Successfully Cook Great Meat Dishes Outdoors

Successful outdoor cooking arises for a number of reasons, the most important of which are: having the right outdoor cooking equipment for the job in hand; having a great recipe; using good quality ingredients; taking great care when you’re preparing and cooking the meal and then there is the magic ingredient which is loving what you’re doing. In this article we look at the 8 most important things that need to be considered when ‘preparing & cooking meats outdoors’.

The following 8 secrets are in no order of priority or respective importance; they are all important in their own way to a greater or lesser extent;

1. Ask your butcher for some meat for cooking outdoors; he or she will know best; say what you’re planning and be guided by them

Popular TV & Magazine advertising would have us believe that bright red, fat free, fresh meats, rather than brown, fat streaked, meats, are those we should select. No, Fresh in, freshly cut, red meat is not yet ready for cooking. Steaks need time to age. They do this using naturally occurring enzymes that beak down protein in the meat that helps to build flavor & to tenderise. When you get your meat home put it in the fridge for 24-48 hours. Always try to select meat with some fat on the outside, or with veins of fat going through the meat. This is where all the juicy flavours come from.

2. Dry the steak and then salt it before cooking

The drier you can get the steak the less water vapour will be created at the start of cooking. This helps the process that builds a crust on the steak and gives it great flavour; this process is enhanced still further if you salt your steak after drying.

3. Cook your steaks on a really hot grill

Pre-Heat the grill to a high temperature-so that it’s almost smoking; then drop the temperature to medium before placing the meat. To test the temperature, hold your hand over the grill, if you can keep it there for 3-4 seconds, this is medium. If your grill is too hot your steaks may char; burnt outside & rare inside.

Don’t cook partially frozen steaks

Thaw your meat thoroughly. Do this in the refrigerator; this retains texture & flavor. Steaks & chops usually thaw in one day, large roasts can take 36 hours. Take steaks out of the refrigerator one hour before cooking; this will keep them juicy. Ensure your steaks are at room temperature before grilling. This avoids the shock of hitting the hot grill affecting flavor and texture. If you need to thaw meat quickly use cold water. Meat may be thawed in a microwave oven, DON’T! It will lose it’s juices making it dry & chewy.

5. Meat Cooking Temperatures

There is no right or wrong temperature for cooking meat as we all love our, meat particularly our steaks, cooked differently. Remember that meat with bone in takes longer than meat without. As a general guideline the following temperatures apply for different grades of meat:

Steak & Lamb

Rare 120-130°F. 6-7 minutes. Center of steak still cold when served;

Medium Rare 130-135°F. 8-9 minutes Cooked on outside, deep pink inside;

Medium 140-150°F, 10-12 minutes. Served uniformly pink throughout the center.

Medium to Well done 155-165°F. Almost totally cooked through with slight pink in the center.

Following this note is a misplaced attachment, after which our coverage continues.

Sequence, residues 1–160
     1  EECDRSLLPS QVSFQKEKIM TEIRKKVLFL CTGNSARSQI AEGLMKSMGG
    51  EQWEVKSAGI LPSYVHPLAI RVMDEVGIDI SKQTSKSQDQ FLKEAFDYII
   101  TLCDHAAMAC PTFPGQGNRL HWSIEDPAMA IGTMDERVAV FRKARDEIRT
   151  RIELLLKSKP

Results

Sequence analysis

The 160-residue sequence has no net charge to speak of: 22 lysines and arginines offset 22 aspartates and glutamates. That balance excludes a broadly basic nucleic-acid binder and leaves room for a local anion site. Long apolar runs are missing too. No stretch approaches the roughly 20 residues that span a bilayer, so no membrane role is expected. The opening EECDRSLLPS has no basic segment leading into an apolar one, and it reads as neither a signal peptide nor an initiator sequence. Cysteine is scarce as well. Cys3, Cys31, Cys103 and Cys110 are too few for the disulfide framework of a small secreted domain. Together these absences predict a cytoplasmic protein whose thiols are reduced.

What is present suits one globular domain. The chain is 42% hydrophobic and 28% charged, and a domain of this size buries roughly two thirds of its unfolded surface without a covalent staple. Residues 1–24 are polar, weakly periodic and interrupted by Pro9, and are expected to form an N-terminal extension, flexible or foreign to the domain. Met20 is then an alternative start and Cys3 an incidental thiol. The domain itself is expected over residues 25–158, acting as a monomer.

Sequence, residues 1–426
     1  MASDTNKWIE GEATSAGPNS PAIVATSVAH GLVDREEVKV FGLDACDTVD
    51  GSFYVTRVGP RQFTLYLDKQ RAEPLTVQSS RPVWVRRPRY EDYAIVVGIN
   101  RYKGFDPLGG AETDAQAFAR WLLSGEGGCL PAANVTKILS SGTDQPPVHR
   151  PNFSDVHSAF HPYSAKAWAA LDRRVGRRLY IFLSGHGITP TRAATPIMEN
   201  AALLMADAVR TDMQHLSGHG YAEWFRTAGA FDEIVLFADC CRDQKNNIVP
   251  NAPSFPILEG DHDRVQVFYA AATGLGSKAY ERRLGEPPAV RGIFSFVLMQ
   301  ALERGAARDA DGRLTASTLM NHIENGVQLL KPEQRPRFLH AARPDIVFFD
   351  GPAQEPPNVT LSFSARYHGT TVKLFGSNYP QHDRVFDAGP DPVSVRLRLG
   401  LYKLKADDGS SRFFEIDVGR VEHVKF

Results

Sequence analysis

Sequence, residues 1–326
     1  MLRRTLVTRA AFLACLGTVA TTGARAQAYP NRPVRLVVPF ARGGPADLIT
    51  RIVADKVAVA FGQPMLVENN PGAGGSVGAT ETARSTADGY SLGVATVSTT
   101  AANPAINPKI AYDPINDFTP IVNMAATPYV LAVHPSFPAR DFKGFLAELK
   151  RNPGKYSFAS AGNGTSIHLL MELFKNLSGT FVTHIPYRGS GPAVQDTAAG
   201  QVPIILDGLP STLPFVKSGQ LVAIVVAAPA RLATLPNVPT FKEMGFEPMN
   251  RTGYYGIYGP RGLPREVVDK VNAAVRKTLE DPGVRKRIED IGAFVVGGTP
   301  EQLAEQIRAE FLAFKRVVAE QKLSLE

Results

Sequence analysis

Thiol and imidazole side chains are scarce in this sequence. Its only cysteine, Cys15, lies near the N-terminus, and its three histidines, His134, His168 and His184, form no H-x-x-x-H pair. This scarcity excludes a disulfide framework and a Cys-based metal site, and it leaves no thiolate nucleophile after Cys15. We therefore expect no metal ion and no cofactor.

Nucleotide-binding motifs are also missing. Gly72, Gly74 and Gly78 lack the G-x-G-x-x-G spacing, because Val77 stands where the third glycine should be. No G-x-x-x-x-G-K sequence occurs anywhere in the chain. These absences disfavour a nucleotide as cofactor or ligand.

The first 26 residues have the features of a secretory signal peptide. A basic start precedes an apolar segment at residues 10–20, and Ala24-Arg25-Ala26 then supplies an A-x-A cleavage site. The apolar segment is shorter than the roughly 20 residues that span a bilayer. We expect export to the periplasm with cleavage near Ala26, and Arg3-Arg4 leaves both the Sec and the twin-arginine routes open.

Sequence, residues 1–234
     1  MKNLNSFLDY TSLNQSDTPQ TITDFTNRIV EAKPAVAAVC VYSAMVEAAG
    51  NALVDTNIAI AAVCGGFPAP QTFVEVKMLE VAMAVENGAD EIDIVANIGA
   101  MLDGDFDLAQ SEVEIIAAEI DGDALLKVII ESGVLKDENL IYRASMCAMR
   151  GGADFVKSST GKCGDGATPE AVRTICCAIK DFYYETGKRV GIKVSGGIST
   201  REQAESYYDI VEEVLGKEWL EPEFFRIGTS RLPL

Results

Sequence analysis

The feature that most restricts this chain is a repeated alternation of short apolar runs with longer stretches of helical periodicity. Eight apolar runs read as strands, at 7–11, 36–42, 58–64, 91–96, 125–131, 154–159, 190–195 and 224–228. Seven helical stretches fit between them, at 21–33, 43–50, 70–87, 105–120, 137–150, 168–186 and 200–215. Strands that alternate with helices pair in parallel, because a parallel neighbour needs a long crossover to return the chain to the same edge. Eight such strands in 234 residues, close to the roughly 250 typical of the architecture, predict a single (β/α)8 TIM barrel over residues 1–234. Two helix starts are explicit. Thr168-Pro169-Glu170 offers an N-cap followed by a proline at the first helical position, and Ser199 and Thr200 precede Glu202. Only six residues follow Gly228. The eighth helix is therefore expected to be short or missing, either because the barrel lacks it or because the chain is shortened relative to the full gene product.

Well done 170°F. 13-15 minutes Completely cooked through Has to be cooked slowly


Medium 140°F to 155°F Meat is slightly pink in centre

Well-Done 160°F to 185°F Meat is uniformly brown


Medium 145°F to 155°F

All poultry:

Cook to 165°F with juices running clear in the thickest part of the bird

6. Testing the temperature of your meat

Meat can be checked for how well its cooked by pressing with your finger. Rare meat feels soft; medium meat is springy & slightly firm; well-done meat feels very firm. The most accurate method is to use an instant-read thermometer inserted into the thickest part of your meat, away from the bone.

7. Don’t keep turning the steaks

To achieve even cooking and see those lovely grill strips across each steak, turn the steaks only once. Always use tongs, never a fork as puncturing the meat allows juices to escape.

8. Take your time and brown your meats first when cooking stews

The Maillard reaction is an important action when cooking stews that you want to taste great. When cooking stew always start by browning the meat in a skillet. What you are doing is allowing the Maillard reaction to occur. This reaction happens only when meat is cooked at a heat of over 115°C, which is when the meats natural amino acids start to react creating a melange of complex flavors. It is because of the Maillard reaction that crusted brown steak tastes so good.

So why is this important in stews? Well for the simple reason that if you cook your meats in a stew without first browning the meat then you’re reliant on the heat of the water to do all the cooking, which means the highest temperature the meat will reach will be 100°C; [the boiling temperature of water] meaning the Maillard reaction will not occur! Meaning your meat won’t be as tasty as might otherwise be.

So what should you do? Its simple: first cut your meat into cubes, season it; then heat a little oil in a heavy frying pan; then gently brown the meat on all sides over a medium heat. Do this in small batches. Never cook with an over filled pan and don’t turn up the heat to go more quickly; take it steady.